Thinking about this some more, with my low-level, but ever increasing knowledge in this area.
Also, sorely disappointed that no one has commented on this gem:
The first thing that comes to mind is to try to create a training set that will be fed into
fluid.knnclassifier~. Since the idea would be to capture a fairly solid representation of of the amount of sounds I can make with my snare, which as wide as they are, are not infinite, that I could give me a few hundred examples, making sure to cover different timbres and dynamics.
Since I don’t know what these sounds will be ahead of time, and I’m not terribly interested in creating a (supervised) taxonomy of these sounds, I was thinking of just assigned each individual attack a unique number which corresponds to its class. The data for each point would be something like 16-20 dimensions of (summary) descriptors/stats, and this would be only trained on the target transient, as defined above (i.e. first 256 samples of a snare onset).
So something like this:
1, -35.584412 -1.791829 3.50294 123.374642 -284.869629 35.527923 -3.364674 0.773734 0.322499 132.203498 1097.339844 68.029001;
2, -33.469227 0.217978 2.396061 100.806667 1306.492188 71.573814 -11.920765 6.502602 1.149465 97.934497 527.226685 82.160345;
3, -23.90354 -0.69517 3.378333 116.119705 -735.833984 51.341982 -6.689898 -1.087609 0.252694 127.367311 -2514.203613 74.122596;
4, -28.433056 0.200565 3.09429 96.997334 614.809875 77.417631 -14.684086 4.913159 2.038212 93.661909 -87.01062 25.470938;
5, -18.193436 -0.639064 3.84877 116.842794 -309.310791 35.34252 -5.882843 0.371181 0.325729 121.526726 242.327148 42.387401;
Logically, this seems like I could then play in arbitrary snare hits, and it would tell me which individual hit it was nearest to, and with the unique number it returned, I could then pull up from a
entrymatcher) to retrieve the corresponding
This seems like a bad idea. Having a classifier built out of hundreds of hits with only a single example of each. Not to mention that my “matching” resolution would be limited to the training set. So if I only have mezzoforte hits when I strike a crotale with the tip of my stick, it may return mf values if I strike it softly, skewing rather than improving the matching. (this could be mitigated if I just use MFCCs sans the 0th coefficient, since it wouldn’t so much reflect the loudness of any given training point).
This approach could also potentially work well in a vanilla
entrymatcher approach, where there are discrete entries, and I’m trying to find the nearest “real” match.
The overarching approach would be the same in that context, matching the nearest, and then bringing up the “missing data” to fill in for the target attack, to then query again but with a complete set of data (target transient + target attack).
After @tremblap showed some of the features of the upcoming neural network stuff, I was thinking that a more vanilla regression approach may be interesting.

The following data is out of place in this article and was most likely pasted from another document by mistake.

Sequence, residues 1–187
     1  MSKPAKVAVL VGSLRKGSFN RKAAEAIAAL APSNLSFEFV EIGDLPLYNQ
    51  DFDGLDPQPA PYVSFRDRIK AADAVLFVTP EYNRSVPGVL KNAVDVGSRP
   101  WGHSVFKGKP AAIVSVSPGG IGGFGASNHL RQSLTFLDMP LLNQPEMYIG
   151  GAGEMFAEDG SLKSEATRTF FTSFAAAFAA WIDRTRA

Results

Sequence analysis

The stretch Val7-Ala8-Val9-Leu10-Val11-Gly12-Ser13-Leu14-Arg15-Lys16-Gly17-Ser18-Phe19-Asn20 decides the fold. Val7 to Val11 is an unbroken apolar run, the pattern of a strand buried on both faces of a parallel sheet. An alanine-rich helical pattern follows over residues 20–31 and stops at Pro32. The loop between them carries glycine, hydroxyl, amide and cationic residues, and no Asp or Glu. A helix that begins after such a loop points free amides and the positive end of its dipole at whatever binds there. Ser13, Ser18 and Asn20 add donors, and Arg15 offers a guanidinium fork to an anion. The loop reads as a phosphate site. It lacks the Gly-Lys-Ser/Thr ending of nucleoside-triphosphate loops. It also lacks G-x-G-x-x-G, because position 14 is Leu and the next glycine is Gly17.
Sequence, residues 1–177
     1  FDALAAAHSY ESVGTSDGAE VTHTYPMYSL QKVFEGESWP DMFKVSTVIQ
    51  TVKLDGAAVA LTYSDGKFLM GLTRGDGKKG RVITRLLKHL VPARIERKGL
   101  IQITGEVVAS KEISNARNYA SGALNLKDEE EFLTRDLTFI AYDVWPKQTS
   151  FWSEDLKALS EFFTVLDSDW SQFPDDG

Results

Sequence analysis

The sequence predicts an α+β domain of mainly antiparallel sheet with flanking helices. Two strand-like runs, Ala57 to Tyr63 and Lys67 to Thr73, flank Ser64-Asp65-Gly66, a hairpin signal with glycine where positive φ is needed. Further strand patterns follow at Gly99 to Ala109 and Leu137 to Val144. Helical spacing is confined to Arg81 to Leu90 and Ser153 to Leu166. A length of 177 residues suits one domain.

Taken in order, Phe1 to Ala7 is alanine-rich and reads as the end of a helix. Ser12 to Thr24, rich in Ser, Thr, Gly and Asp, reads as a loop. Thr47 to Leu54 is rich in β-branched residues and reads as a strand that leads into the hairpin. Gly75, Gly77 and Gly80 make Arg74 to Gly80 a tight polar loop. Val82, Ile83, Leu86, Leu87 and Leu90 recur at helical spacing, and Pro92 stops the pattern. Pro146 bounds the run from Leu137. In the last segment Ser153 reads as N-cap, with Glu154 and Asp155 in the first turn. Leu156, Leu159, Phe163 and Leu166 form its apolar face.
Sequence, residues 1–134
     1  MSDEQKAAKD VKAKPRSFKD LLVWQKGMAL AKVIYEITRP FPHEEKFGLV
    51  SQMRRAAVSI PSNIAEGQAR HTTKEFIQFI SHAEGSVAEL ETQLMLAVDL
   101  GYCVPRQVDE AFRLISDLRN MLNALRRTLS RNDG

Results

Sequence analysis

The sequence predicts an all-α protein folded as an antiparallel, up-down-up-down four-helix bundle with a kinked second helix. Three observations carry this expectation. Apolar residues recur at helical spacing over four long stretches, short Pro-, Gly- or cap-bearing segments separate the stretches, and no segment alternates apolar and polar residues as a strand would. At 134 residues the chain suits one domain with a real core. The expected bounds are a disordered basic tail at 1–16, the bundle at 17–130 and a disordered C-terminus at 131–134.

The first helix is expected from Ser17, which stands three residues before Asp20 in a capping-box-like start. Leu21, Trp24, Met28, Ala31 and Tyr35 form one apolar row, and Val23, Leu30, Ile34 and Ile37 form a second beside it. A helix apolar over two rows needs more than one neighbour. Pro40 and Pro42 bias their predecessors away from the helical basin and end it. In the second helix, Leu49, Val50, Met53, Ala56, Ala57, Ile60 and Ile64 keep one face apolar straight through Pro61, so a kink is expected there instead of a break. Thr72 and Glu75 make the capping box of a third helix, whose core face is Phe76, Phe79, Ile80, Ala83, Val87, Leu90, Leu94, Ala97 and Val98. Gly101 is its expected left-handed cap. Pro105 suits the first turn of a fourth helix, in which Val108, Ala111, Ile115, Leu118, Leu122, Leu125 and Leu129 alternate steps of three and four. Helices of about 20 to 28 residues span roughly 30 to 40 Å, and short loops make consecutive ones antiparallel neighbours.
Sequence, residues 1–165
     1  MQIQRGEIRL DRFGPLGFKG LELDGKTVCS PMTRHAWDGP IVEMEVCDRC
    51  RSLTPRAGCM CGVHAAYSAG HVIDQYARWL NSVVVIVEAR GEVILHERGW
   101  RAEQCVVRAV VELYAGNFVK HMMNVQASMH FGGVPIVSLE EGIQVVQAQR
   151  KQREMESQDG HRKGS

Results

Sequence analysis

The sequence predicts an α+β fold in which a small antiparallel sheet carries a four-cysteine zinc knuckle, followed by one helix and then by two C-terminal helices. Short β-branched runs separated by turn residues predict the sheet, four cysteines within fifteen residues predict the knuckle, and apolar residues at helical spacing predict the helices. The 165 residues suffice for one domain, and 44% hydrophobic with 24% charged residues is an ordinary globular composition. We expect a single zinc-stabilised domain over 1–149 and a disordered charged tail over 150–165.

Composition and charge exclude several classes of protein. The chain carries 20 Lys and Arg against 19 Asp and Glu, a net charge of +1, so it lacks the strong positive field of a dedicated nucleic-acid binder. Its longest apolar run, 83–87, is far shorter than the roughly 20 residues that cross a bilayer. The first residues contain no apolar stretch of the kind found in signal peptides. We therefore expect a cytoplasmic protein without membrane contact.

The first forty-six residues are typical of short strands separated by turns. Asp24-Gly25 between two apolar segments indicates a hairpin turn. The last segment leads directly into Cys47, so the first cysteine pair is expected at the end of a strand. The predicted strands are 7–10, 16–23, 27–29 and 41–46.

I’m definitely fuzzier on how this would work, so semi-thinking/typing out loud.
So I would create hundreds of training points where I use target transients as the inputs and give it target attacks as the outputs, with the hopes that giving it arbitrary target transients would then automagically give me predicted/corresponding target attacks.
I guess since the algorithm is making crazy associations between its nodes, there’s nothing to say that the output would be a “valid” set of data (as opposed to some interpolated mishmash of numbers between the training points).
If it does work, it would be kind of nice, since the output could be more flexible and robust to unknown input sounds.
The last thing that occurred to me is that if I’m using “raw descriptors” (e.g. loudness, centroid, etc…) as my inputs and training data, that I can apply some of the loudness (or even spectral) compensation methods discussed elsewhere here, where the nearest match for a
target transient is 5dB quieter than the incoming audio, so compensate for that difference in both the target transient and target attack.
This, likely, wouldn’t work with the regression-based approach, but I suppose the idea there is that it wouldn’t need this kind of massaging as the algorithm would take care of it for you.
My gut tells me that the classifier approach is more what I’m after, though I’m not sure it’s altogether viable (having loads of classes with just a single point each). The regressor could be interesting, but only if the automagic aspect of it works.
For now, I’ll try creating a viable training set with hundreds of sounds, and with a bunch of different descriptor types.
I would imagine it would probably easy enough to create a test patch that runs the input on itself and then stitches the input (target transient) and output (target attack) together to see if it sounds “real”. For the training points it would be a good way to test if the thing is working at all, but then giving it a lot of similar, but not in the training set, hits to see if it can create approximations that sound believable.